Valley social justice groups land funding for efforts to help incarcerated people, those seeking asylum

Hampshire County Jail and House of Correction.

Hampshire County Jail and House of Correction. file photo

By Alexa Lewis

Staff Writer

Published: 06-20-2024 3:42 PM

Three Pioneer Valley social justice organizations have been awarded funding to expand their missions that range from seeking the release of incarcerated people to helping individuals undergoing asylum cases.

The Decarcerate Western Massachusetts Bailout Project, Western Massachusetts Asylum Support Network, and Whose Corner is it Anyway? will receive portions of $92,000 awarded by the Peace Development Fund to grassroots organizations nationally and locally.

The Decarcerate Western Massachusetts Bailout Project, based in Easthampton, is part of the larger Decarcerate Western Massachusetts organization — a coalition of people and organizations focused on supporting incarcerated people and getting them released.

The Bailout Project, which is entirely volunteer-based, posts bail in the Franklin, Hampden and Hampshire county jails, and has bailed out over 120 people since their founding in 2021. They also supported protestors participating in the recent pro-Palestinian encampment at the University of Massachusetts Amherst by contributing bail money.

The Bailout Project also works on educational outreach, which it hopes to expand with this new grant funding.

“We want to start a participatory defense hub with this grant, as part of our community education,” said Danielle Squillante, a volunteer with the Bailout Project. “We’ll reach out to families whose loved ones have open cases, and empower them by pooling knowledge. ... It’s about making sure that those directly affected have all of the information they need about the process and what they can do.”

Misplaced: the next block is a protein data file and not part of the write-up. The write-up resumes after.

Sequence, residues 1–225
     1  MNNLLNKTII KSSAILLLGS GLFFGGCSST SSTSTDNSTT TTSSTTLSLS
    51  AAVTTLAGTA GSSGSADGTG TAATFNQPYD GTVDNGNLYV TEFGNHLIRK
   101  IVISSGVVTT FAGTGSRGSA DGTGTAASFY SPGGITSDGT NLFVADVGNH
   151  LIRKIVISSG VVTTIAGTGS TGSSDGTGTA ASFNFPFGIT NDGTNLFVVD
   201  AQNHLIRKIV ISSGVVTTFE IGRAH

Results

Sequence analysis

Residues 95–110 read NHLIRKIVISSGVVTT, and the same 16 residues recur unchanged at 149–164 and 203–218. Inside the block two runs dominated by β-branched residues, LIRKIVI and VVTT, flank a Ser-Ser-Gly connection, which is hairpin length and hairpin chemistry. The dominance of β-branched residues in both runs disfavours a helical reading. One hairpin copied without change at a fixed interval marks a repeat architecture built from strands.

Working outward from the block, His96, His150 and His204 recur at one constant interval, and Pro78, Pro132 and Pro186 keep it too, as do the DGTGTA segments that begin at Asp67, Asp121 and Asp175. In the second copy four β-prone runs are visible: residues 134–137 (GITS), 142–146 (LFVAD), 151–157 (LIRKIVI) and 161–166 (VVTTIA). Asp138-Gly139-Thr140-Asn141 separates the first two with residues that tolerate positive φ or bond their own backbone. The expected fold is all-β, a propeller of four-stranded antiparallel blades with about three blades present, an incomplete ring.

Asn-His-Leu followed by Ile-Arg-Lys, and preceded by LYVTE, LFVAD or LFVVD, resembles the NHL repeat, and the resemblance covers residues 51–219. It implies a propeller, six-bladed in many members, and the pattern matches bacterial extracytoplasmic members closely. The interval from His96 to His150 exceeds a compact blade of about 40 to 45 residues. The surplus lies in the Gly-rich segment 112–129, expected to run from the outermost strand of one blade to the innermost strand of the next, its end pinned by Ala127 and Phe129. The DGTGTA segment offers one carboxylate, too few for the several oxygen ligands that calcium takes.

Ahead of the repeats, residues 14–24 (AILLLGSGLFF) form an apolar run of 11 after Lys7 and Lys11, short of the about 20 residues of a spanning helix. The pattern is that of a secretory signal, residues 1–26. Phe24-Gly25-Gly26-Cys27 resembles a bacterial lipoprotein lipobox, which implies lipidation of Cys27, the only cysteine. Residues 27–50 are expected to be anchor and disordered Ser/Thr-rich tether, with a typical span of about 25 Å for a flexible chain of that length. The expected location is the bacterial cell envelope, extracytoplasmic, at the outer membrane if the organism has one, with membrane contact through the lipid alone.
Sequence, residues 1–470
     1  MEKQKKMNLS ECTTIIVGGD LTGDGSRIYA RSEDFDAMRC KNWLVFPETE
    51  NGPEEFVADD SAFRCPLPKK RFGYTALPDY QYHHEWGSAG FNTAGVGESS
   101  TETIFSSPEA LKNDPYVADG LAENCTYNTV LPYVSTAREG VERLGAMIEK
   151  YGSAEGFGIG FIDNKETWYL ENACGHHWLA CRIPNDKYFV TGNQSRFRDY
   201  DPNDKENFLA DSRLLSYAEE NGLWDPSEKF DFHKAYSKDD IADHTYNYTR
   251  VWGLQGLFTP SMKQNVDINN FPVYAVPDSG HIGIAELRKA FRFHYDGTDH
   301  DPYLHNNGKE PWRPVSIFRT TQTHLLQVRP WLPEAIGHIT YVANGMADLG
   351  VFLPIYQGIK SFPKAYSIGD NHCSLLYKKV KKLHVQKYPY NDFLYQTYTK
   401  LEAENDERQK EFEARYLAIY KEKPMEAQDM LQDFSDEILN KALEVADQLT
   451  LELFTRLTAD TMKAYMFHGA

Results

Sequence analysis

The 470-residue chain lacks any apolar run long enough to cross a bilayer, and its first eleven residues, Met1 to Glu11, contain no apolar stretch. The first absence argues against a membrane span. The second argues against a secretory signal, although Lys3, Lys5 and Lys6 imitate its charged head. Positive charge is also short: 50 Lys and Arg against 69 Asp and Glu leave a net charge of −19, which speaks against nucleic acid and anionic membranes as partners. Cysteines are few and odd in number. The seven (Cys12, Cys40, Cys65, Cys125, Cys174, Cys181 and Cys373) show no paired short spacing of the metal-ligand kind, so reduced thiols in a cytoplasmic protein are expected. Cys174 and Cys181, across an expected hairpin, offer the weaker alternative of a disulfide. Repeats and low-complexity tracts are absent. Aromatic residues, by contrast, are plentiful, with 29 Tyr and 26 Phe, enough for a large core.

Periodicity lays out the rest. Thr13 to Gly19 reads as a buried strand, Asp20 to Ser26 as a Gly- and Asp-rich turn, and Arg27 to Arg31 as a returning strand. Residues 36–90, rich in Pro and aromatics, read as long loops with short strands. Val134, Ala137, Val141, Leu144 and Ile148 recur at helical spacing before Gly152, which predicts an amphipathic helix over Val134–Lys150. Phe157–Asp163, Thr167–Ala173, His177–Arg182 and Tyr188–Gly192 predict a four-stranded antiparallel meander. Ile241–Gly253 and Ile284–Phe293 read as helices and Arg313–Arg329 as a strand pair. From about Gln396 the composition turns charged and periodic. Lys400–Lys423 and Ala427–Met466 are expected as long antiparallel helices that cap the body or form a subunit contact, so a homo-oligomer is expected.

The Western Massachusetts Asylum Support Network, based in Amherst, has two plans for its new grant funding: housing support and starting a pro se project.

The network supports individuals undergoing asylum cases by providing guidance, housing, transportation, resources, and more. However, providing housing support poses challenges due to a statewide housing shortage and high property values.

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“We want to use this funding to support our efforts in helping people find housing,” said Elliot Oberholtzer, a volunteer with the network. “It will also help us in finding more individuals to offer sponsorship, and welcome [asylum seekers] into their homes.”

The network also hopes to use its new funding to get a pro se program off the ground.

“Pro se means ‘on one’s own behalf,’” explained Oberholtzer. “There’s a shortage of immigration attorneys in the area, and especially affordable ones. This program would allow us to educate individuals on the legal process so they don’t have to undergo the long wait times for counsel… It will teach individuals to navigate the process without an attorney.”

Holyoke-based Whose Corner Is It Anyway? is a mutual aid organization that works toward harm reduction, political education, and more. They also organize groups run by and for stimulant and opioid using, low-income, and street-based sex workers.

“Our current programming focuses on our drop-in hours, providing harm reduction [and] reproductive health [and] hygiene supply distribution, low threshold employment, and safer bathroom programming for our community,” said Caty Simon, development director for Whose Corner Is It Anyway? “We’re excited to expand our partnership with the Baystate ED research team to provide more sex worker harm reduction trainings.”